- high cholesterol (240 mg/dL or higher);
- history of polycystic ovarian syndrome.3
Diabetes has been associated with menstrual abnormalities, such as oligomenorrhea (defined as infrequent menstruation, cycle length more than 35 days) and secondary amenorrhea (defined as absence of menstruation for six months or more in a woman who previously menstruated), says Schwarz. Better glycemic control and management to prevent diabetic complications can improve these irregularities and increase fertility rates similar to the general population, she notes.
Hyperglycemia damages the tissues of the body, especially the vascular tree; this statement is true for Type 1 and Type 2 diabetes, says Schwarz. The complications due to vascular effects often are divided into macrovascular, affecting the larger vessels, and microvascular, affecting the smaller vessels and capillaries. The macrovascular complications are caused by the buildup of atherosclerosis and include heart disease, peripheral artery disease, and stroke.
The most common cause of death among people with diabetes is cardiovascular disease. The risk of stroke is up to 400% higher in adults with diabetes compared with adults who don’t have the disease.4
What Are Options?
In talking with women with diabetes about contraception, look at the most effective forms of birth control, which are the intrauterine device and the contraceptive implant, for those women who cannot risk pregnancy due to their disease, says Lori Gawron, MD, assistant professor at the Salt Lake City-based University of Utah.
Diabetic women are candidates for a contraceptive that contains estrogen. Check the US Medical Eligibility Criteria for Contraceptive Use (US MEC) for guidance, notes Gawron.5 For women with a history of gestational diabetes, combination pills, the contraceptive patch, and the vaginal ring are classified as Category 1 (no restrictions for use), while for women with Type 1 or Type 2 diabetes with no evidence of vascular disease, these medications fall into Category 2, in which the chosen method generally can be used, with follow-up as needed.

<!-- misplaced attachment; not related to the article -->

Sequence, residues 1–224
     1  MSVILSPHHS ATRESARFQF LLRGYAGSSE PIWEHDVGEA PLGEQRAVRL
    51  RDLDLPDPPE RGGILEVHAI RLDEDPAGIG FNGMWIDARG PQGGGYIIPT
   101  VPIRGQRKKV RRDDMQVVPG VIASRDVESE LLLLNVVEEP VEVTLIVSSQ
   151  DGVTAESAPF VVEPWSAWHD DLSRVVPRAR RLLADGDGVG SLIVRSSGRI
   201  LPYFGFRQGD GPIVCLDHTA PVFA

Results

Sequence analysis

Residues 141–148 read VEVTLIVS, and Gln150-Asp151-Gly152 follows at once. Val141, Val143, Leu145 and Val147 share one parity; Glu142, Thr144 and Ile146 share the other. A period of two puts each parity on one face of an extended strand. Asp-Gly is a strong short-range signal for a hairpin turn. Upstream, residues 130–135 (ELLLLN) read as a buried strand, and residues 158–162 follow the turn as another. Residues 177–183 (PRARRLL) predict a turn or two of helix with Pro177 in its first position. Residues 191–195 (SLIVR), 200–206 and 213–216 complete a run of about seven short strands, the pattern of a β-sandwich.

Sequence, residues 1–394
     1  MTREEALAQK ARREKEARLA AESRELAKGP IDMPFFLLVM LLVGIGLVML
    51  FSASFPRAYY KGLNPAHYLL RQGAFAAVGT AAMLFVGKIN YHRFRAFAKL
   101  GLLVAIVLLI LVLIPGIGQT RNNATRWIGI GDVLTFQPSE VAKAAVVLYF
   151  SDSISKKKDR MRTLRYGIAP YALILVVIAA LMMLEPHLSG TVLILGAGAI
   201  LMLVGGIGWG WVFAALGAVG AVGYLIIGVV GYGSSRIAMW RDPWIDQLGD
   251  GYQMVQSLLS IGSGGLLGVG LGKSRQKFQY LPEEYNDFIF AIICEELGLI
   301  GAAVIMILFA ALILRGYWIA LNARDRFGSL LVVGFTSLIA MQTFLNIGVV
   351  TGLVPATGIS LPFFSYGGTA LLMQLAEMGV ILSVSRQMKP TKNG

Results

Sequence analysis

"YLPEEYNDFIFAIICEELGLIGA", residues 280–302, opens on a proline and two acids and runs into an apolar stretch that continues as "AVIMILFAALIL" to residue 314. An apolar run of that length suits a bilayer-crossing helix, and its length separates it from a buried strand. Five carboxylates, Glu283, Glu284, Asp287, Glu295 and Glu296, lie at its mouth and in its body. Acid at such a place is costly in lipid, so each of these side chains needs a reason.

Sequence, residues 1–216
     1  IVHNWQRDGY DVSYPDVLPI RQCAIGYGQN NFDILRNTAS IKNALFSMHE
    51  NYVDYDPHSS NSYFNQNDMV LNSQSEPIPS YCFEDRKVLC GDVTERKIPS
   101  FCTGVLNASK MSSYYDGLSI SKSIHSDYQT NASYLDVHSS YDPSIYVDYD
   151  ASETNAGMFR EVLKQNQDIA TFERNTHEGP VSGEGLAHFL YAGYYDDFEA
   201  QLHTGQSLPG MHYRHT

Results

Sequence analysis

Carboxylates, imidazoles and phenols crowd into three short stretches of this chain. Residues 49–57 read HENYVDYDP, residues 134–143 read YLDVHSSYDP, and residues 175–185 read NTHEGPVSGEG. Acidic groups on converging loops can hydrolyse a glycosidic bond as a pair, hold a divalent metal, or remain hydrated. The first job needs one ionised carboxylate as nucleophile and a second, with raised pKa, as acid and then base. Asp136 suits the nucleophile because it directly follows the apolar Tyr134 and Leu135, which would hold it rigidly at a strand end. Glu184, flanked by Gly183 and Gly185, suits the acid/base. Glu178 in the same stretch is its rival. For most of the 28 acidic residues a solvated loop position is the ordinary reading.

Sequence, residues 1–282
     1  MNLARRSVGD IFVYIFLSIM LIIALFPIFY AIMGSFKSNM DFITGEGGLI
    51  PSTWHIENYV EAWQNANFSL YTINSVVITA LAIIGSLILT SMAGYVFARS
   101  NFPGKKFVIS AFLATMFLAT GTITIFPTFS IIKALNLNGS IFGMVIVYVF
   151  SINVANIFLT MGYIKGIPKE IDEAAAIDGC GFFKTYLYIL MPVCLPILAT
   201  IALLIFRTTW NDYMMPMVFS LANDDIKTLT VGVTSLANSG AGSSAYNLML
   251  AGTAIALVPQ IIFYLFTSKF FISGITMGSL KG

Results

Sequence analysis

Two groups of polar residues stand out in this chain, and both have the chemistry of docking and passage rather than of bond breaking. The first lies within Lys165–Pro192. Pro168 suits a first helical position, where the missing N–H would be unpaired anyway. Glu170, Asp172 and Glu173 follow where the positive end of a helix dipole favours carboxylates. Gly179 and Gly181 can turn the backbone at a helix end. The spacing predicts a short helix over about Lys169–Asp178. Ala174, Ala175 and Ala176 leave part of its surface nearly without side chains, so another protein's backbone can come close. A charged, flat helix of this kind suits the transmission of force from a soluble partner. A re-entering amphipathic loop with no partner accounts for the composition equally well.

For women with diabetes and complications (nephropathy, retinopathy, neuropathy, or other vascular disease) or diabetes of more than 20 years’ duration, use of estrogen-containing methods falls in Category 3 (usually not recommended; clinical judgment and continuing access to clinical services are required for use) or Category 4 (should not be used), depending on the severity of the condition.
- 1. Centers for Disease Control and Prevention. 2014 National Diabetes Statistics Report. Accessed at http://1.usa.gov/1Dtcela.
- Centers for Disease Control and Prevention. Age-Adjusted Incidence of Diagnosed Diabetes per 1,000 Population Aged 18-79 Years, by Sex, United States, 1980-2014. Accessed at http://1.usa.gov/1Yk0Cz1.
- CDC. Women at High Risk of Diabetes. Fact sheet. Accessed at http://1.usa.gov/24JYz7s.
- Fowler MJ. Microvascular and macrovascular complications of diabetes. Clinical Diabetes 2008; 26(2):77-82.
- CDC. U.S. Medical Eligibility Criteria for Contraceptive Use. MMWR 2010; 59(RR04):1-86.